He was immediately backed by Ukip’s main financial backer, Arron Banks, who said: “The only option now is to go back to the polls and let the people shout from the rooftops their support of a true Brexit.”

The multimillionaire businessman, who is believed to have donated more than £7m to the Leave.EU campaign in the run-up to the referendum, accused Theresa May’s government of “backsliding” on the issue and said the UK must “act radically now” or “sleepwalk into a faux Brexit”.

The London Evening Standard reminded readers that before the referendum in June 2016, “Farage said there could be unstoppable demand for a second vote in the event of a narrow win for the Remain campaign”. Current Ukip leader, Henry Bolton, dismissed his predecessor’s suggestion, saying it did not reflect party policy.

However, “the intervention is likely to spark a political firestorm with politicians on both sides of the debate having been adamant that the result of the original poll should be respected”, says The Daily Telegraph.

Both Farage and Banks predicted Leave would win a second vote “by a landslide”, but prominent Remainers welcomed the U-turn by two of Brexit’s biggest and most vocal supporters.

Labour MP Chuka Umunna, of the Open Britain campaign for close ties with the EU, said: “For perhaps the first time in his life, Nigel Farage is making a valid point. In a democracy like ours, the British people have every right to keep an open mind about Brexit.”

The Lib Dems, who have made a second referendum their central pledge on Brexit, said Farage “shouldn't be so confident of winning [because] people are now far more aware of the costs of Brexit and the fabrications of the Leave campaign”.

Meanwhile, a survey of more than 4,000 people by Queen Mary University and YouGov found the vast majority of Labour, Lib Dem and SNP voters want a second EU referendum.

A Downing Street spokesman reiterated the Government’s position that “we will not be having a second referendum” but this has not stopped bookmakers slashing the odds on a second vote.

Coral cut the odds on another EU referendum before the end of 2019 to 5/1 from 10/1. William Hill put the odds of another vote by the end of 2018 at 7/1 and by April 2019 at 5/1.


Hammond and Davis head to Germany for Brexit charm offensive

10 January

Chancellor Philip Hammond and Brexit Secretary David Davis are both in Germany today to make a direct pitch to what media commentators describe as “Europe’s real power-player for a decent trade deal after Brexit”.

Hammond “is to address the Die Welt economic summit while Davis meets chief executives from major German businesses in Munich”, reports The Times.

In a joint article for the German newspaper Frankfurter Allgemeine, the two politicians insist it would ��make no sense” to create new barriers to trade after Brexit.

They write that Britain and Germany should use “imagination and ingenuity” to craft a “bespoke solution” in order to maximise economic cooperation. The partnership should cover our economies, “including the service industries - and financial services”, the pair say.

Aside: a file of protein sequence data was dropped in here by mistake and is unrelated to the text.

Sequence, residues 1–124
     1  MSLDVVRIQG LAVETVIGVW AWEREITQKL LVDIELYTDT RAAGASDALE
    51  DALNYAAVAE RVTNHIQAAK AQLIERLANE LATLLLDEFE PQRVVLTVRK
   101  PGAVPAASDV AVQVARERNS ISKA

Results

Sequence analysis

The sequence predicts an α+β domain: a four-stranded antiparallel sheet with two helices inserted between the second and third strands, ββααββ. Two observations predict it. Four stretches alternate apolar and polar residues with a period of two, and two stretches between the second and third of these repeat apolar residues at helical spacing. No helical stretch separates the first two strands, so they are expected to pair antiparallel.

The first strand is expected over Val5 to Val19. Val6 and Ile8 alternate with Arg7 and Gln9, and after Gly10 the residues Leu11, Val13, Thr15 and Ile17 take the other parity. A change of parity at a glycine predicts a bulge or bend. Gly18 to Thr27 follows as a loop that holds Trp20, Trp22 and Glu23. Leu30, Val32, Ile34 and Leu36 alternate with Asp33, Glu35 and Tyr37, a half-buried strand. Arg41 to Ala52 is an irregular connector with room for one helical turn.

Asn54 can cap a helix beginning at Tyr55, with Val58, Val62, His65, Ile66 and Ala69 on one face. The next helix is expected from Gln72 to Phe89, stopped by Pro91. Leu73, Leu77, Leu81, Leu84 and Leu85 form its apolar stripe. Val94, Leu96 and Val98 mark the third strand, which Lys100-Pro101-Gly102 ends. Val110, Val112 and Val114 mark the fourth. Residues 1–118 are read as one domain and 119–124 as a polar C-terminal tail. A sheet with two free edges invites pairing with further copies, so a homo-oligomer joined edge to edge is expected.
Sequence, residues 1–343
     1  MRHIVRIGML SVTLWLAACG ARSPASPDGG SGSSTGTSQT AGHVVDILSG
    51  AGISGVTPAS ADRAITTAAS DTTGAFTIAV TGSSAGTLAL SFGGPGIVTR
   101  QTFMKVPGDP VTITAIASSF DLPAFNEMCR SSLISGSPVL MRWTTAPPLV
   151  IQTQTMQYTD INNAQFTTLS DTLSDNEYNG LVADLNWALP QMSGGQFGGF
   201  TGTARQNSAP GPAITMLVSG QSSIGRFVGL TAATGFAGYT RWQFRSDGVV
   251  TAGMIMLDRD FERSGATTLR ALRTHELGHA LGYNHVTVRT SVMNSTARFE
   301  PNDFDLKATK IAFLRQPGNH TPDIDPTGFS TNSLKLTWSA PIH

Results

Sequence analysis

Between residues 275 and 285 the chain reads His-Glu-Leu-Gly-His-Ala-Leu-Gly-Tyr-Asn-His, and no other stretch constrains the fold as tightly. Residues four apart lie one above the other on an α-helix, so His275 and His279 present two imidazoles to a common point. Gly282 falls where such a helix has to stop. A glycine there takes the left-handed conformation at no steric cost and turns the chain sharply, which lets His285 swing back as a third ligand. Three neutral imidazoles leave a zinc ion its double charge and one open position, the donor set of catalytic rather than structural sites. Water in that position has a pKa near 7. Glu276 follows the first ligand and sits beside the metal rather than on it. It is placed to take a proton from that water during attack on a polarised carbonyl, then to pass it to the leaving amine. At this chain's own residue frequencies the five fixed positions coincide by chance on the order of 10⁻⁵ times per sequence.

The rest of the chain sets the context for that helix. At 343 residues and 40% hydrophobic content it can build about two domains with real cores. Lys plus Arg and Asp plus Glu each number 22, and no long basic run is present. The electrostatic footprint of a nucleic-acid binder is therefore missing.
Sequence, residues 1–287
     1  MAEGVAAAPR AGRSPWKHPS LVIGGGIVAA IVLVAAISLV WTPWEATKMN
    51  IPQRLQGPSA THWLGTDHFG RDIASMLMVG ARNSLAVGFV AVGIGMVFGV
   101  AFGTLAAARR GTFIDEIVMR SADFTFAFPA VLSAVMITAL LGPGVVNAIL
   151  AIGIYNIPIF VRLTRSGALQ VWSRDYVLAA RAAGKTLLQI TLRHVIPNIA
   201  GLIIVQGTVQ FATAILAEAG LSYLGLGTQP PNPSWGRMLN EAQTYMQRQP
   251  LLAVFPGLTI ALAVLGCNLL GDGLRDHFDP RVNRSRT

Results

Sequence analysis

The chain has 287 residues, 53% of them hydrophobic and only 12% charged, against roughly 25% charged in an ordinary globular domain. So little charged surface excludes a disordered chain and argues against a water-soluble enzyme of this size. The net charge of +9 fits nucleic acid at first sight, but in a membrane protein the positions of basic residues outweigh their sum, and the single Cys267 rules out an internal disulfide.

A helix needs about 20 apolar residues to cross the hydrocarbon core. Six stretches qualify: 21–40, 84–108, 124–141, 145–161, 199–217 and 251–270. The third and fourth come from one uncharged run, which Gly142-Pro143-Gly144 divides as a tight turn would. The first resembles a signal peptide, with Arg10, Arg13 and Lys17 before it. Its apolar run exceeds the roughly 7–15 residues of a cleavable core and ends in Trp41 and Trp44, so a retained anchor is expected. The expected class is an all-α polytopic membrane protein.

But the EU’s chief negotiator, Michel Barnier, who was the EU financial services commissioner from 2010 to 2014, refused to play ball yesterday, saying that the City of London would be excluded from the single market to preserve the high regulatory standards in Europe.

Hammond and Davis are hoping German businesses will pressure their government into changing their stance, says HuffPost’s Paul Waugh. But the chances of that appear slim. The Daily Telegraph warns that Angela Merkel will seek to block the pair’s plan for a “managed divergence” away from EU rules and regulations.

Theresa May has finally set out her proposed “end state” with Europe, which includes a “three-basket approach” of different tiers of compliance with EU rules for different parts of the economy, says the newpaper’s Europe editor, Peter Foster. The plan “effectively torpedoes” Davis’s alternative idea of a Canada plus, plus, plus trade deal, Foster claims.

The Brexit Secretary is also facing another setback. The Financial Times reports that Davis is furious with the EU for sending out “be prepared notices” to businesses in 15 sectors of the UK economy, warning airlines, pig breeders and others that the UK will become “a third country” with no formal access to the single market from next April.

“It all rests on the concept of ‘no deal,’” says The Times’s Matt Chorley.

The European Commission has been criticised by Davis for preparing for just such an outcome.

“But where could Brussels possibly have got the idea that, say, no deal was better than a bad deal, and the Government was preparing for it?” Chorley quips.

European Commission spokesperson Margaritis Schinas also adopted a slightly mocking tone, saying: “Here in the European Commission we are somehow surprised that the UK is surprised that we are preparing for a scenario announced by the UK government itself.”